Last week's article on
gaming earnings surprises, using Smith Barney's proprietary research, generated a lot of interest. Readers wanted more names and more suggestions on how to play companies with upcoming earnings.
While I still can't share the full list of 78 earnings surprise candidates that the standardized unexpected earnings, or SUE, model generated for this quarter, I can highlight a couple of additional companies with upcoming earnings announcements that I think can offer an attractive risk-reward scenario based on expected earnings using my proprietary option-pricing model. Just kidding about my model: I'm really just looking to buy cheap and sell expensive to create a position with an attractive risk/reward equation. Little is proprietary about this approach.
SUE Takes a Shine to These Names
operates in the private aviation business, mainly through its Cessna airplane and Bell helicopter divisions. The company reports earnings on Thursday and is expected to show a profit of 78 cents per share. This would represent a 39% increase over the year-ago period. And the projections for the following quarters and full years through 2007 remain equally upbeat, with an earnings growth rate in the 25% range.
After setting a new high at $80 in early March, the stock has pulled back about 10% as the broad market fell apart somewhat. This slide can be considered a correction rather than the start of a bearish trend. The stock now appears ready to close above important support at $72 per share.
A positive earnings call could quickly propel shares back toward $76-$77. Options remain very cheap at 22% implied volatility, which is basically equal to the stock's 30-day and 60-day historical action. This means you are paying no extra premium in buying options ahead of the company's earnings report. With the stock trading at $72.20, I'd take a look at the May $75 call for 75 cents. If the stock pops, the call price will easily double.
Harman International Industries
reports Thursday as well. Of late, weakness in the automotive division has put a damper on the shares: They have tumbled 35% to $85 in 2005.
The company has a nice history of beating estimates and confounding shorts. While the short ratio as a percentage of float remains low at 2.89, that's still up from last month's reading of 2.19. But with a fairly low average daily trading volume of just under 700,000 shares, and with nearly 90% of the shares held by institutions, fringe short-sellers and daytraders are likely to run for cover on any sign of an improving outlook.
Harman is expected to earn 81 cents per share when it reports. That would be a 17% increase over the year-ago period. This stock has a history of being able to run 20%-30% within a three- to four-day period. Now that it has held support at $85, it could easily reclaim ground above $90 resistance in a matter of days following a positive earnings report. With the stock trading near $85.50, I'd look at buying the May $90/$95 call spread for a net debit of $1.20 per spread.
In addition to questions about the SUE model, I know many readers were lost without the Options Forum last week. To remedy that, I came across an interesting question on theoretical value I'd like to share.
Prices in Theory
Your options articles are both valuable and fun to read. One area that I need to understand more is "theoretical value" of an option. Can you explain how this value is calculated? It seems everyone uses Black-Scholes, but the values can be vastly different depending on which Web site you believe. For example, I just looked at a couple of sites and the IBM (IBM) - Get Report Jan. 6 $80 put is theoretically valued at $7.16, and at $3.96 with IBM trading at $77.13. Thanks,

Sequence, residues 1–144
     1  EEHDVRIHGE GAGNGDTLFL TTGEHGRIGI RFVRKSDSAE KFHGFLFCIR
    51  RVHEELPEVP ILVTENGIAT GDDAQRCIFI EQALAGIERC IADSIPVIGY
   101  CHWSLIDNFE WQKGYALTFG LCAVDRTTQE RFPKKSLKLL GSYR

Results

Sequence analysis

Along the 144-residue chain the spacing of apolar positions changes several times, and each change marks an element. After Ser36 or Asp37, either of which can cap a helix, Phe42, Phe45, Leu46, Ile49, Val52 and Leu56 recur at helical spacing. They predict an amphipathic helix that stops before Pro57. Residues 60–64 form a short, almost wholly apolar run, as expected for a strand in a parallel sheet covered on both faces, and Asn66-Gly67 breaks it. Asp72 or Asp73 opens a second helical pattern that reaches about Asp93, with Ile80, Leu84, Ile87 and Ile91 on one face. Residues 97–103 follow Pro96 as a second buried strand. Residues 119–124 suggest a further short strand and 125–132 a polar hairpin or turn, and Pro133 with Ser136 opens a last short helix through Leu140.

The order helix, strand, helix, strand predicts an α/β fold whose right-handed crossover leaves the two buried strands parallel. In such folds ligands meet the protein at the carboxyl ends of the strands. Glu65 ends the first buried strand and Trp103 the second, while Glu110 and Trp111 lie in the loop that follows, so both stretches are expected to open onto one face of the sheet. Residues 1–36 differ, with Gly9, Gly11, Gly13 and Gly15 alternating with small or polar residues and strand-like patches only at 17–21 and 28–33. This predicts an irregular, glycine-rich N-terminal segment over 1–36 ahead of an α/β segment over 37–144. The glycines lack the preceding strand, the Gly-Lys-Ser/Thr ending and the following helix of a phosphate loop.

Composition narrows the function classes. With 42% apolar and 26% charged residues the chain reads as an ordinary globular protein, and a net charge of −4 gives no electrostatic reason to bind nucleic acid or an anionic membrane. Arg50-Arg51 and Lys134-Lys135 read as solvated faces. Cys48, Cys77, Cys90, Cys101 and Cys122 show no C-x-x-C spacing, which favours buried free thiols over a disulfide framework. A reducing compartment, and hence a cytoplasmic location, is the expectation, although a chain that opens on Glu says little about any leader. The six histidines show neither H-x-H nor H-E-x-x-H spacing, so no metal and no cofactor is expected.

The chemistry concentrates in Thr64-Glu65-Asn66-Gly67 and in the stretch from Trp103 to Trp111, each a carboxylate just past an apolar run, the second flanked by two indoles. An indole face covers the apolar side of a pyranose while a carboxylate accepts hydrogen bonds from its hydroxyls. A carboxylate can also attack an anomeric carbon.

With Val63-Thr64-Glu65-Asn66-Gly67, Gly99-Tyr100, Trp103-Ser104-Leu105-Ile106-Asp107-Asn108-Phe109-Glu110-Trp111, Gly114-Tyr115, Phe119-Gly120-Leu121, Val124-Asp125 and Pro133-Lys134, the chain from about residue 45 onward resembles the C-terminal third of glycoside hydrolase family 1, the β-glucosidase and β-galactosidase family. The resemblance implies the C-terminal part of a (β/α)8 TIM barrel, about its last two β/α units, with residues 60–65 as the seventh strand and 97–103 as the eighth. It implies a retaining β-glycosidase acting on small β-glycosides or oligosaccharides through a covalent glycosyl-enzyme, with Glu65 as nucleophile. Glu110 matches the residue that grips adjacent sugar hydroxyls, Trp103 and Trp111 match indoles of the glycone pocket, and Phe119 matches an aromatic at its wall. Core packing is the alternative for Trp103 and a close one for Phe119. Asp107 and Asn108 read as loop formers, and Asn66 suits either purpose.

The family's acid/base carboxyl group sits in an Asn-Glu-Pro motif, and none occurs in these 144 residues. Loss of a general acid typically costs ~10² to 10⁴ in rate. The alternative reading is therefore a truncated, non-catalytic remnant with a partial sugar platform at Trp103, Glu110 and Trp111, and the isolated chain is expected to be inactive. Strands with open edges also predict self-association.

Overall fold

The large discrepancy between the two prices leads me to believe there is an error somewhere. Different pricing models might lead to slight valuation differentials of, say, 2%-4%, but not the nearly 75% spread this reader encountered.
What's funny is that the best theoretical value seems to be somewhere in between the two prices above, but clearly close to the higher end of the range. With more than eight months remaining until the January 2006 expiration, most near-the-money options would have a reasonable amount of time premium above and beyond the $2.87 intrinsic value in the above example.
Remember, the theoretical value is calculated by using the four known components -- stock price, expiration date, dividends and interest rates -- and the stock's historical volatility for the fifth and final input. The volatility, implied vs. historical, is what usually accounts for the current trading price being above or below the theoretical value.
My suggestion would be to check the inputs and make sure everything is equal when using different calculators, especially the dividend. For example, if you fail to include the fact that IBM pays a quarterly dividend of 18 cents, the January 2006 $80 put has a theoretical value of just $6.20. Including the dividend, that value becomes $6.75. If you combine this with not using the same volatility, forgetting to input the prevailing interest rate or using a model that counts calendar days instead of trading days, you could get some very different prices.
Always make sure you know what tools you are working with. If something is obviously in error, double-check your facts.
Steven Smith writes regularly for TheStreet.com. In keeping with TSC's editorial policy, he doesn't own or short individual stocks. He also doesn't invest in hedge funds or other private investment partnerships. He was a seatholding member of the Chicago Board of Trade (CBOT) and the Chicago Board Options Exchange (CBOE) from May 1989 to August 1995. During that six-year period, he traded multiple markets for his own personal account and acted as an executing broker for third-party accounts. He invites you to send your feedback to